What are the causes of Cancer

The abnormal and uncontrolled growth of cells anywhere in the body is generally called Cancer. A lot of names are given for these abnormal cell masses such as malignant cells, tumor cells, and cancer cells. Many cancerous tissues are also identified by their site of origin, for example, lung cancer, breast cancer, colon cancer, etc. 

Every cell in the body has a set lifetime. After serving their purpose, the cells naturally die (called apoptosis). But when the cells do not die and start growing uncontrollably then it results in the accumulation of a mass of cells (benign) which is called cancer. Millions of people around the world have beaten cancer because of early detection, accurate diagnosis, and a good personalized treatment plan under the guidance of a highly experienced Oncologist and an interdisciplinary Team, along with the help of a positive attitude and personal strength. These cells also tend to get detached from their site of origin and travel to all the other body parts through circulatory as well as lymphatic systems. The process of cancerous cells leaving their site of origin and moving to any other body part is called Metastasis.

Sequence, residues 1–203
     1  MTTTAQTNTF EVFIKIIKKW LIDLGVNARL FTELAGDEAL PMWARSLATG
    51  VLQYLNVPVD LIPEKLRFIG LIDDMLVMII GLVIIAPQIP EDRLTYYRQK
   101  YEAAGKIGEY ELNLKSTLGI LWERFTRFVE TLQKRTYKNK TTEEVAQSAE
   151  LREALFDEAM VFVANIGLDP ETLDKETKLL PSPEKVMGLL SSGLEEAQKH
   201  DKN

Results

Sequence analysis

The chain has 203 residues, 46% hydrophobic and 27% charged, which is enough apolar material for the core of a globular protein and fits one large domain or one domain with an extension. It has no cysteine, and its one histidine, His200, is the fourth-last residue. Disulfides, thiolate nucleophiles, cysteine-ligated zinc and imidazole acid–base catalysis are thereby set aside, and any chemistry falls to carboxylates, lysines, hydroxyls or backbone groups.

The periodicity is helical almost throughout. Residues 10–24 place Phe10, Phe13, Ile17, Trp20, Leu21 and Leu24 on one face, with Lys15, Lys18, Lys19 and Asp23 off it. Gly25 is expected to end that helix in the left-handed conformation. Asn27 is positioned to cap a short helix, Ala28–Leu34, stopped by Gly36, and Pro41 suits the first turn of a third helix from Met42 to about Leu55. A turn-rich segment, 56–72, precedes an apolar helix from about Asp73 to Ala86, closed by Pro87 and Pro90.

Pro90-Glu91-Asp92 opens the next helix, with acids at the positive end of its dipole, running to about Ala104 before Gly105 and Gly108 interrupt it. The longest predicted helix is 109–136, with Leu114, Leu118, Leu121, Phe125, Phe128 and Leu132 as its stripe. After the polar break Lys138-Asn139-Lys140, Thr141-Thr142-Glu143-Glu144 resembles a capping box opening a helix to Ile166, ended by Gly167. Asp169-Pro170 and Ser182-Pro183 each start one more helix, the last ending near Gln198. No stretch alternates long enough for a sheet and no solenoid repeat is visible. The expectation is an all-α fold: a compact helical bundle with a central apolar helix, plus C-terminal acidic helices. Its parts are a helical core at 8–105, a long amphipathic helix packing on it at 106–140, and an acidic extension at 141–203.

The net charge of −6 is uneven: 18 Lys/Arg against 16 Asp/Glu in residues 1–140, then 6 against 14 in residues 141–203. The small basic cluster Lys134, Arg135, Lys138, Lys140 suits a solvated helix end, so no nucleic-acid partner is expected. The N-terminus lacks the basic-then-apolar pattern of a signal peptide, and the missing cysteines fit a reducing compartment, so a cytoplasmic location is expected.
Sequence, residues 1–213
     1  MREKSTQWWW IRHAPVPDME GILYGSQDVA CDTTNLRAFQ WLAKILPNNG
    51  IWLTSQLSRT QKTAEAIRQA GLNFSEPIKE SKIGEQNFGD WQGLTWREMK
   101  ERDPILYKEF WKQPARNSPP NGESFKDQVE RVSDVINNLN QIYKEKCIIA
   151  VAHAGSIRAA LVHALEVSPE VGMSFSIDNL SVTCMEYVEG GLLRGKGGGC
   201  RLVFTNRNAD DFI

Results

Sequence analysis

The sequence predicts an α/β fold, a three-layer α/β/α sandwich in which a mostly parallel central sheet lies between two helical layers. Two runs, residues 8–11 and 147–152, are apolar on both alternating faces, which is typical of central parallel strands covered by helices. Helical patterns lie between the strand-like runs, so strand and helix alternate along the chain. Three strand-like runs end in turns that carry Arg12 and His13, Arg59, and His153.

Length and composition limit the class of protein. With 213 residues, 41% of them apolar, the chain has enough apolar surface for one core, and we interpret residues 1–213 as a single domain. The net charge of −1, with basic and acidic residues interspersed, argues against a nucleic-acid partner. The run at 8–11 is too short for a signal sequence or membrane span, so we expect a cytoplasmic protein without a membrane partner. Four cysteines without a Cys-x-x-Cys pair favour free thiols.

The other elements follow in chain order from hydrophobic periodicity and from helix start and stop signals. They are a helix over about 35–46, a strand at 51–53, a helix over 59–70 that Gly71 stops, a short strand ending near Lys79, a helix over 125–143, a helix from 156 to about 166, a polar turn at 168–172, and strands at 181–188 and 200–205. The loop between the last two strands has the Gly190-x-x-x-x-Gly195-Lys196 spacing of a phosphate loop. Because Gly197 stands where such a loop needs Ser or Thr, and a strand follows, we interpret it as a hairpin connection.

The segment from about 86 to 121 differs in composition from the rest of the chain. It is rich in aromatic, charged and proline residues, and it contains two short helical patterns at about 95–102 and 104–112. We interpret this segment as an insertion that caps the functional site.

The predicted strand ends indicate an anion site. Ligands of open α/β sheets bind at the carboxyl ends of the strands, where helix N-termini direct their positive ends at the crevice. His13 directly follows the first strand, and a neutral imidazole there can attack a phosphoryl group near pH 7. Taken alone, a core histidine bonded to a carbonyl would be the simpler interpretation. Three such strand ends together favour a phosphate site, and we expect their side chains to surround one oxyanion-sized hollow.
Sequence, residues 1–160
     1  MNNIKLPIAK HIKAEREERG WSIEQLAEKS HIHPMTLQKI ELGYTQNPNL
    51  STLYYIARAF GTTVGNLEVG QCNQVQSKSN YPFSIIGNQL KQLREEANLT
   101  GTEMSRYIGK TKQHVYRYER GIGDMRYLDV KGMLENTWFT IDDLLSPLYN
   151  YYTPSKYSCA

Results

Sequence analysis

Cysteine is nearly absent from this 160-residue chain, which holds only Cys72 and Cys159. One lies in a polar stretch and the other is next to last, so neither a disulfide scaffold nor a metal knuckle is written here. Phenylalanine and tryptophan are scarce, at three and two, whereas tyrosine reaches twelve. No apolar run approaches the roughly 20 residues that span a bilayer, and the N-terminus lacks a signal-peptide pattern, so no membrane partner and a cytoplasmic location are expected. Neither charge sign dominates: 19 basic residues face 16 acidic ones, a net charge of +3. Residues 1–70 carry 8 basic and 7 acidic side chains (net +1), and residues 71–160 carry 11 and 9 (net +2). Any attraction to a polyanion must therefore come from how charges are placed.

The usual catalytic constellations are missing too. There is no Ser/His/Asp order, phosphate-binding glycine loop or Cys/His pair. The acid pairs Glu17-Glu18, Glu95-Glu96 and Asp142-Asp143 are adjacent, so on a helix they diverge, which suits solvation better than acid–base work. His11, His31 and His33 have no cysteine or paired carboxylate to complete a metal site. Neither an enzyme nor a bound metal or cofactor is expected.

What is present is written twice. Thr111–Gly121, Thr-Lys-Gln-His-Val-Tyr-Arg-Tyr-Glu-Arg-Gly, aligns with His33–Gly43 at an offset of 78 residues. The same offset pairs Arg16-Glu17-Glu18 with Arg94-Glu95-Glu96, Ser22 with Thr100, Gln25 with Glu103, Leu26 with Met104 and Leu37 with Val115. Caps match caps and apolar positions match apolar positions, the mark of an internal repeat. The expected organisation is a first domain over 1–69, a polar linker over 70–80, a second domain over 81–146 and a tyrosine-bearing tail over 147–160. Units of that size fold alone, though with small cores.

Factors like age, race, gender, diet, environment, and genetic composition of an individual influence the occurrence of cancer and its types. Thus, the prevalence of cancer and its type varies according to these factors. The World Health Organization (WHO) has provided some cancer information. These are as follows:  

● The leading cause of death all over the world is cancer. It accounts for about 8 million deaths (22% of all deaths) worldwide. 

● Deaths occurring from cancer are continuously rising all over the world and it is estimated that by the end of 2030, this number will reach up to 13 million (70% increase).

Types of Cancer

Some common types of cancer are listed below:

  1. Carcinoma: Cancer that originates from the skin cells and other tissues that cover/line the internal organs such as the lung, pancreas, colon, ovary, etc. is generally regarded as Carcinoma. Squamous, epithelial and basal cell carcinoma, papilloma, melanoma, etc. are some commonly occurring carcinomas. 
  2. Sarcoma: Cancer beginning in cartilages, bones, muscles, fats, and other supportive or connective tissues are called Sarcoma. Some common sarcomas are synovial sarcoma, osteosarcoma, liposarcoma, angiosarcoma, etc. 
  3. Leukemia: The origin of this type of cancer is in the bone marrow (blood-forming tissues). A large number of red blood cells are produced abnormally and enter into the circulatory system.
  4. Lymphoma: Cancer that starts proliferating from the immune system is called Lymphoma. Various types of lymphomas are B-cell lymphoma, T-cell lymphoma, Hodgkin lymphoma, etc.
  5. Cancers of Central Nervous System: As the name suggests, this type of cancer originates from the brain and spinal cord. The examples include gliomas, pituitary adenomas, meningiomas, primary CNS lymphomas, etc.

Causes of Cancer